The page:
On a point of order, Mr Speaker. The House may well not have seen that another issue has just broken in the news, which is that more than 48,000 women have not received correspondence regarding cervical screening appointments and have gone without correspondence regarding cervical screening results, 500 of which, apparently, were abnormal results. This is the latest failing of Capita, and Capita should lose this contract and the service should come in-house. The previous Health and Social Care Secretary, who is now the Foreign Secretary, would routinely update the House on these types of matter. Has the current Health and Social Care Secretary given you an indication that he is going to come to this House to update us, so that we can ask questions on behalf of our constituents?
The short answer to the shadow Secretary of State for Health and Social Care is no, but I would very much expect that the House will be addressed on this matter very soon, certainly within a matter of days. Like the hon. Member for West Dunbartonshire (Martin Docherty-Hughes), the hon. Gentleman is well versed in the instruments available to him. If he does not get a statement, or in lieu of a statement and as a reserve mechanism, he knows that he can seek to raise the matter on an urgent basis. I believe that on 528 occasions over the past nine and a half years the Chair has judged that a matter is urgent, whether the Government think it is or not.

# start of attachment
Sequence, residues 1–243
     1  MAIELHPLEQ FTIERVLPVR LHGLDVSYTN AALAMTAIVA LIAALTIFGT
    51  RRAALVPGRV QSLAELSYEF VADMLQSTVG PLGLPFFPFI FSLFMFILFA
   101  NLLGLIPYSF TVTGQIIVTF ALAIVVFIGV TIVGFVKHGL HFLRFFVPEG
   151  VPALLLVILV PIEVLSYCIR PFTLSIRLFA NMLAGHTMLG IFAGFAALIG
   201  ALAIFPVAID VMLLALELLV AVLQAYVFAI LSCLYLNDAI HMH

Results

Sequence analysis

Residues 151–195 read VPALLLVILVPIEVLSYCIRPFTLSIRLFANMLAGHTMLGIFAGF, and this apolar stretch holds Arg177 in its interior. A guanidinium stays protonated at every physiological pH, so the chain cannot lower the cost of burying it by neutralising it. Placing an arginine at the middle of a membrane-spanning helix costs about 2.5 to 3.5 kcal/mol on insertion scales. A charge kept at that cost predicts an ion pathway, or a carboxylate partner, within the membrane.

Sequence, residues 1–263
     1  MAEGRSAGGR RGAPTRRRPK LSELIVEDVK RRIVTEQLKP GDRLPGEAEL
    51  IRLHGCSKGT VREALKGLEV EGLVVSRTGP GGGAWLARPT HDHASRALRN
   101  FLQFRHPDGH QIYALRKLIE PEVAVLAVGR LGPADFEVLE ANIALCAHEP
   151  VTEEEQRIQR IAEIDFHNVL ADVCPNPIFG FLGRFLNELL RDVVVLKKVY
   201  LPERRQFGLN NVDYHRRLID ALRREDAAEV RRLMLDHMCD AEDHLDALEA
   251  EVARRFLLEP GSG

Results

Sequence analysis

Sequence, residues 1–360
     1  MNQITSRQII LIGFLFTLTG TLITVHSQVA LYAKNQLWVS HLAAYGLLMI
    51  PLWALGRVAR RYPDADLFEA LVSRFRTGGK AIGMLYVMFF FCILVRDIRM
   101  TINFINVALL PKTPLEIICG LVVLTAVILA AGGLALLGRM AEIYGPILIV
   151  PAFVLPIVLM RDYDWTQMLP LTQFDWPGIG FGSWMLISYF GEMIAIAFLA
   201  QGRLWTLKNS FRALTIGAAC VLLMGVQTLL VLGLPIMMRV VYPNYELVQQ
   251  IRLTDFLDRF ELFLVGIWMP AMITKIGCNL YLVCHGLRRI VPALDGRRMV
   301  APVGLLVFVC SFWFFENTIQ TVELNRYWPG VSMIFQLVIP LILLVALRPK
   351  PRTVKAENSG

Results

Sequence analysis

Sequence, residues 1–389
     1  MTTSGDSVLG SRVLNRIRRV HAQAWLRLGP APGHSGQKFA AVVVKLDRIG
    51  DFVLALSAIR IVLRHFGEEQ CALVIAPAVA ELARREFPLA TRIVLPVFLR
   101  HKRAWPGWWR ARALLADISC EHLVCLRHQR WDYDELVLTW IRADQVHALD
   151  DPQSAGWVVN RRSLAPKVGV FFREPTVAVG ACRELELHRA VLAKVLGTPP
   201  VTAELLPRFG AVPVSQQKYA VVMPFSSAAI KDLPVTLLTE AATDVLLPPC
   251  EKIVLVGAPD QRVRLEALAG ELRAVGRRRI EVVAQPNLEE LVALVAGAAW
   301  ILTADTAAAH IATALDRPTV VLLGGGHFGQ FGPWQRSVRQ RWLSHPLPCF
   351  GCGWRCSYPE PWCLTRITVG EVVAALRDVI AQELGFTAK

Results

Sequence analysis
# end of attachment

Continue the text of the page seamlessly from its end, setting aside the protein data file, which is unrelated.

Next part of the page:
On a point of order, Mr Speaker. Given the very clear decision of the House yesterday in relation to the publication of legal advice and the reported very worrying comments of the Attorney General in recent hours, can you ensure that the advice will be brought forward in a timely way and should certainly not be very long delayed after the publication of any White Paper or any statement? These things should happen almost simultaneously if we are to have a proper and informed debate on the statement or whatever comes forward. The House spoke clearly yesterday and that must be acceded to by the Government.
The short answer is that I agree entirely with the right hon. Gentleman and I could not have put it better myself. I hope that that message has been heard clearly by those on the Treasury Bench. What happened yesterday was not an expression of opinion by the House of Commons; it was an expression of the will of this House. That will must be respected by the Executive branch—it is as simple and incontestable as that.
If there are no further points of order, perhaps we can now proceed.